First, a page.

DNC 2016 Platform: In Denial over Mideast Challenges, Dispensable Language on Israel

Like every partisan document in a tense prelude to national elections, the 2016 Democratic platform reflected the party’s status quo with presidential nominee Hillary Clinton taking the foreign policy mantle from President Barack Obama while putting her own stamp on how the party views global challenges. However, the platform language on the Middle East reflected how difficult it is for Democrats, as the incumbent party in office, to address the daunting international challenges.

Besides former Defense Secretary Leon Panetta, no speaker at the Democratic Convention this week spoke directly and thoroughly about foreign policy challenges. Yet, if compared to the GOP platform, the DNC document included a significant mention of the Middle East. The platform identified a list of global threats including terrorism, Syria, Iran and Russia, with no mention however of the debacle in either Iraq or Libya.

Defeating ISIL

The suggested strategy to defeat the Islamic State (ISIL) in Syria, Iraq and Libya included three elements. First, dismantling the global network of terror. Second, improving US intelligence capabilities. And third, investing more resources in homeland security. Two noteworthy points were also mentioned; the need to “press the Gulf countries and local forces on the ground” to take a more active part in the fight against ISIL and update the Authorization for Use of Military Force (AUMF) without demanding “large-scale combat deployment” of US troops.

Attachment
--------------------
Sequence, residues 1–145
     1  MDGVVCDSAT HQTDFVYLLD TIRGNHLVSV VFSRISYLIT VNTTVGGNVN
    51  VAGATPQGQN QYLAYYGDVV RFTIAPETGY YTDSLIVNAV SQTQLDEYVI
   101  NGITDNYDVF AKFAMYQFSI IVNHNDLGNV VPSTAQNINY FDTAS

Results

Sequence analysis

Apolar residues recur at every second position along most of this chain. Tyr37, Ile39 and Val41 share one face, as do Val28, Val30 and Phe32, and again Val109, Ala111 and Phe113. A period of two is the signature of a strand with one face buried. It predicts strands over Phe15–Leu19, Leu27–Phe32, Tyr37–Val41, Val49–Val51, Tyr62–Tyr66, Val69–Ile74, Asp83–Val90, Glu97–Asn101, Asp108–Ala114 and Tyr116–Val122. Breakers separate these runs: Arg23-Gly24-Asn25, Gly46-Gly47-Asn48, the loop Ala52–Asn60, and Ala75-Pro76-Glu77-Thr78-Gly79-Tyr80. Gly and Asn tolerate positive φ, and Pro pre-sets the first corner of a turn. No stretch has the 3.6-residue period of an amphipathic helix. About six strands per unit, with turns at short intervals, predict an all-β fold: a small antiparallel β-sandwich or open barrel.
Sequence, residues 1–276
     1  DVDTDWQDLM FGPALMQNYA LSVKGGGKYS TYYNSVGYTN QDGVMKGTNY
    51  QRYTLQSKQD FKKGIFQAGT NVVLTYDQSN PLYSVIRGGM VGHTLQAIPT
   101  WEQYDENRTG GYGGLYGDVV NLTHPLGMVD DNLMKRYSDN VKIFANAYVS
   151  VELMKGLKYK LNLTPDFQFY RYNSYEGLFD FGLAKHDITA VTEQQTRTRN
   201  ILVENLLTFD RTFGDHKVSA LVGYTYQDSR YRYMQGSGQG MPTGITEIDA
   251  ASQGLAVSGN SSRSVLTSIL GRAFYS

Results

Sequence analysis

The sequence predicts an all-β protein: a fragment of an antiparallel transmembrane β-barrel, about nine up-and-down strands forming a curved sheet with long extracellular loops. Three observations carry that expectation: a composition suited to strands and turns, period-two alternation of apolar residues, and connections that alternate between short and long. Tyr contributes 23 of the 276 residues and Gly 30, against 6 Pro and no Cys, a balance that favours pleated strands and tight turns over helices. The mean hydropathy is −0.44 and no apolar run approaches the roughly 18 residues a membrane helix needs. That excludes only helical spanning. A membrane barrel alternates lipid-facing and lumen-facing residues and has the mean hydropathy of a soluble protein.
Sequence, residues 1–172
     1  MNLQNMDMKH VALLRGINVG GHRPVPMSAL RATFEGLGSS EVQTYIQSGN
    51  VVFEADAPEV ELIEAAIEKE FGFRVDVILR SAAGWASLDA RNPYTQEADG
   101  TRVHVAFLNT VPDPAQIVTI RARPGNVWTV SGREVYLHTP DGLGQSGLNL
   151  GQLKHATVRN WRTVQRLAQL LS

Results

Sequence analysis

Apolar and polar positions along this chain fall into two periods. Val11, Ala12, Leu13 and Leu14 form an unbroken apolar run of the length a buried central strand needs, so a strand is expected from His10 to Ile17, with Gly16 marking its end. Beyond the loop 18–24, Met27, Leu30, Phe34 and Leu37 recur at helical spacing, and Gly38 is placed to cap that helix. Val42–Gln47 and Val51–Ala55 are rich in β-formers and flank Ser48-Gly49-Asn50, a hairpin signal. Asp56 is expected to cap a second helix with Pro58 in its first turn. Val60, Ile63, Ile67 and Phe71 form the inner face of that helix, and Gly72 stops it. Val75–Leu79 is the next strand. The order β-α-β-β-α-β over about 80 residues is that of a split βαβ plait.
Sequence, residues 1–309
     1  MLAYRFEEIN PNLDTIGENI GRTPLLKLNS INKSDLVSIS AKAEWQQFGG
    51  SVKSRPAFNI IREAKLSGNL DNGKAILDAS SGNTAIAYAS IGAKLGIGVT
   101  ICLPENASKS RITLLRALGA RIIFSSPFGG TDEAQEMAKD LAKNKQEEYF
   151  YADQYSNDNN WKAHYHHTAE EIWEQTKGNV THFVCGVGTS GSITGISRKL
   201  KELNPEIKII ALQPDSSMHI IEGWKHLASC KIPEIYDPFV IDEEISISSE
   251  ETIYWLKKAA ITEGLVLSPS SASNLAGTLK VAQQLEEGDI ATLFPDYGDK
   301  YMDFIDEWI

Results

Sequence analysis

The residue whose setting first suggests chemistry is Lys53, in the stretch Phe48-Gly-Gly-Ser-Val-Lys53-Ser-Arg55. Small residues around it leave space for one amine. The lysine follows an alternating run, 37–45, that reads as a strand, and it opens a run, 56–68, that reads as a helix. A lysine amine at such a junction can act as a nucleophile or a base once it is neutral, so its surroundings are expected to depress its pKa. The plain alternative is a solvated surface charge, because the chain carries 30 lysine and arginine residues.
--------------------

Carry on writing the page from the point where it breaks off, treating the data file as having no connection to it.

The platform attacked Trump’s foreign policy approach and rejected his “vilification of Muslims” and his calls upon the military to reinstate torture as an investigation tool. Interestingly, Democrats also rejected “Trump’s willingness to mire tens of thousands of our combat troops in another misguided ground war in the Middle East,” even though the Republican nominee is running on a non-interventionist and anti-war rhetoric, including opposition to the 2003 invasion of Iraq.

Absent Issues

Two important issues were understandably absent from the document, first the use of drones by the Obama Administration as a key tool in the fight against ISIL, a contentious issue with the progressive wing of the party. Second, the current chaos in Libya, in particular the September 2012 attack on the US consulate in Benghazi during Hillary Clinton’s tenure as Secretary of State. On Syria, the platform offered no new policy recommendation beyond stating the need to have a political transition that ends the rule of President Bashar Assad, however it did not refer to the coordination between Washington and Moscow nor the Iranian intervention in Syria.

The Iran Deal

The platform reiterated support for the Iran nuclear deal and rejected Trump’s views that the US “should walk away from a deal that peacefully dismantles Iran’s nuclear program,” while hinting that Democrats under Clinton “will not hesitate to take military action if Iran races” toward developing a nuclear weapon. It also talked about “the detrimental role” of Iran in the region, in particular its support for Hamas and Hezbollah, and called on “robustly” enforcing the non-nuclear sanctions against Tehran.